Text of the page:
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I have heard that http is a nice way to design my own protocol. although i can design a binary protocol, i would prefer to follow the HTTP standard to design my protocol. basically the flow of the application is that with the request the client sends some parameter strings to the server, the server sends the response string to the application. this procedure continues several times, before the connection thread terminates.

i am using java servlets for the above. how should the client send the HTTP parameters so that parsing is easy at the server.

Get /a HTTP/1.1
Host: localhost

??? what comes here
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3 Answers 3

up vote 3 down vote accepted

??? what comes here

Since that is a GET request, nothing.

I'd suggest using querystring parameters, then you can access them using ServletRequest.getParameterNames(), getParameterValues(), getParameterMap() etc.

So, your request line would take the form:

GET /a?x=1&y=1 HTTP/1.1

since this is the standard way of passing parameter data, other clients, such as web browsers, will be able to use your service easily.

This assumes that the operation does not cause side-effects on the server. If it does then you should be using a POST, PUT or DELETE request depending on the exact nature of the operation.

HTTP Made Really Easy is a useful document since, at least initially, the HTTP Spec can be a bit daunting.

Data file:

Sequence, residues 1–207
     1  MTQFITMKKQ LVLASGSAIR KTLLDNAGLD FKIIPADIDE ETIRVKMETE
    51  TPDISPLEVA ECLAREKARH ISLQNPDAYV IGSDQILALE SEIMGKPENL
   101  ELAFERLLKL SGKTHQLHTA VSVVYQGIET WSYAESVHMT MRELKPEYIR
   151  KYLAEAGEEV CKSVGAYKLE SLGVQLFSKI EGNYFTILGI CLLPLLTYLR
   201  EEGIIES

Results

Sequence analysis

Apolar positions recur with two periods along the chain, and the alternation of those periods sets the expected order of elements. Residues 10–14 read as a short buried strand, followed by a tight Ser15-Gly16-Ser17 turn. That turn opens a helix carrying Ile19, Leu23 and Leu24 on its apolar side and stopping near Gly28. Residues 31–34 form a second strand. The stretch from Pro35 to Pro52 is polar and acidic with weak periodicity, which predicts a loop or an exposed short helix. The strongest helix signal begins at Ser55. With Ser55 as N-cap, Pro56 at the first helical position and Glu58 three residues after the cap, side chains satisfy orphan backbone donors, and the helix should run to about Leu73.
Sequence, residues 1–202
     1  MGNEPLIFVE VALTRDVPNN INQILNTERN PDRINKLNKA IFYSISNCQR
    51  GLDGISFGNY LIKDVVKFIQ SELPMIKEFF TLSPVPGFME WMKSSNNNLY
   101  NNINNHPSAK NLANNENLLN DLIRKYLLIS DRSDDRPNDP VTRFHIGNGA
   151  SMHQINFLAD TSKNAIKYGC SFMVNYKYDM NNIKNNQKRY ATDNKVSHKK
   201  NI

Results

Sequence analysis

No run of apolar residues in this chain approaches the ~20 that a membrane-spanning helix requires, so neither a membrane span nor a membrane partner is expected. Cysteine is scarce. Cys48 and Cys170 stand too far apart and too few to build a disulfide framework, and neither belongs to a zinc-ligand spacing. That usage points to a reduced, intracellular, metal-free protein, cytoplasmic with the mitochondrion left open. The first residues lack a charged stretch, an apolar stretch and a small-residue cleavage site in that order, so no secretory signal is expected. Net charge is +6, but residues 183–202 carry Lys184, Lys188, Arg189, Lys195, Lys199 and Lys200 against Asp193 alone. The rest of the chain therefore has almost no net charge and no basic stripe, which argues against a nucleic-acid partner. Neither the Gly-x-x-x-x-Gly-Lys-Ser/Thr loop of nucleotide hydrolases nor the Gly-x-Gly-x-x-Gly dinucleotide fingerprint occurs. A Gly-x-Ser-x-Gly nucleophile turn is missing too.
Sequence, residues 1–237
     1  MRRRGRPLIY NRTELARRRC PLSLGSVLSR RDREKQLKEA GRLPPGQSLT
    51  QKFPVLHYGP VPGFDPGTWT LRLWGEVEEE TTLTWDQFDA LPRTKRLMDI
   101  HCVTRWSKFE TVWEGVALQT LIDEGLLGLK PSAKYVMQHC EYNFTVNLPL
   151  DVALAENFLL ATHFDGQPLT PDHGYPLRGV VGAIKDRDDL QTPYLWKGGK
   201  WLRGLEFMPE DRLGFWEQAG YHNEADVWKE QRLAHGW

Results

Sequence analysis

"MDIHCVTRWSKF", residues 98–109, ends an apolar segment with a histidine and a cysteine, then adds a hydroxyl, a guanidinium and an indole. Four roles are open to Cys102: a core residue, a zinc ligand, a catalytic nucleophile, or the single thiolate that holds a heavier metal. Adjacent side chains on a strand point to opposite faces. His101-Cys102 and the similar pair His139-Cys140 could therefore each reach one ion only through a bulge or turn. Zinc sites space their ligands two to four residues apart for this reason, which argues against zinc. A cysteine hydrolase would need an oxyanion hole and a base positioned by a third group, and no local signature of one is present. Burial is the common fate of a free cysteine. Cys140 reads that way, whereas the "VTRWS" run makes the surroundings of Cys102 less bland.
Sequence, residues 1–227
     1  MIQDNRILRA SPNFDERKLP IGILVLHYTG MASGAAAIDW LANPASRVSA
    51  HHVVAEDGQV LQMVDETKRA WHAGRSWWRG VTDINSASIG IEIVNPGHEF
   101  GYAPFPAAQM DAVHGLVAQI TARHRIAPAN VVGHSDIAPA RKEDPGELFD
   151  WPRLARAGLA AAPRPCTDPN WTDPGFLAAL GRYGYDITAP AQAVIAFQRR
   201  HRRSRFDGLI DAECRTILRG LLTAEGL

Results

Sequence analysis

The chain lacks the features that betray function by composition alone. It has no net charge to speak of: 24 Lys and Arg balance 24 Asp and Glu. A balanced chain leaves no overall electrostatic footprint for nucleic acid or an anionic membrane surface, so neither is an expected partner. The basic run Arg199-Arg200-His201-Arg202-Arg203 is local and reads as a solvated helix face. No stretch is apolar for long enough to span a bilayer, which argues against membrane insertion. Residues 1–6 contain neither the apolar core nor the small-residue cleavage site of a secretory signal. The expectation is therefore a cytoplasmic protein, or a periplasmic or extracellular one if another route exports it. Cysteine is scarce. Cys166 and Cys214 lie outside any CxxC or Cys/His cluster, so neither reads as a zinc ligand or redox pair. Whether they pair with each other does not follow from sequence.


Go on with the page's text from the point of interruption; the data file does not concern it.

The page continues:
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The parameters may be long strings, so will this be good option –  Rohit Banga Sep 25 '09 at 11:34
    
thanks for pointing out that with get i don't send any data. may be i'll send data in the content portion of a post request. –  Rohit Banga Sep 25 '09 at 11:39
    
Yes -- you are right, very long URLs are not generally a good idea and there is no limit on the amount of data you can POST so that is probably a better approach. Its worth remembering that if you POST data in query string format and use a Content-Type header of application/x-www-form-urlencoded you can still use the servlet APIs to access the parameters. –  Andy Sep 25 '09 at 14:05

Why not base your protocol on something that already exists for example SOAP?

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do web services have an inherent performance overhead. i wanted to expose the functionality using a rest web service as an additional feature, but build a fast client app based on my protocol. –  Rohit Banga Sep 25 '09 at 11:37
    
XML certainly seems like a slow, flabby format to me - but I'm no expert on web services, maybe someone else can answer this question? –  MarkJ Sep 25 '09 at 11:51

What you're designing is a data exchange format, not a protocol really.

So the question is, really, what sort of data do you want to send? To answer that, you need to consider who is receiving it. If it's yourself, then just keep it simple.

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i want to know the standard for data exchange format using HTTP. –  Rohit Banga Sep 25 '09 at 11:54
    
People generally use XML formats; there are literally hundreds and no real standards (because a single standard doesn't make sense; there is different types of data for different producers/consumers). Who are you trying to integrate with? –  Noon Silk Sep 25 '09 at 12:18
    
cool mine is right now an application from ground up. so i might work out an xml message for the content of post request. by the way i want to reuse the same thread for some request response sequences, i.e., a session. seems reasonable with HTTP/1.1 right? –  Rohit Banga Sep 25 '09 at 12:54

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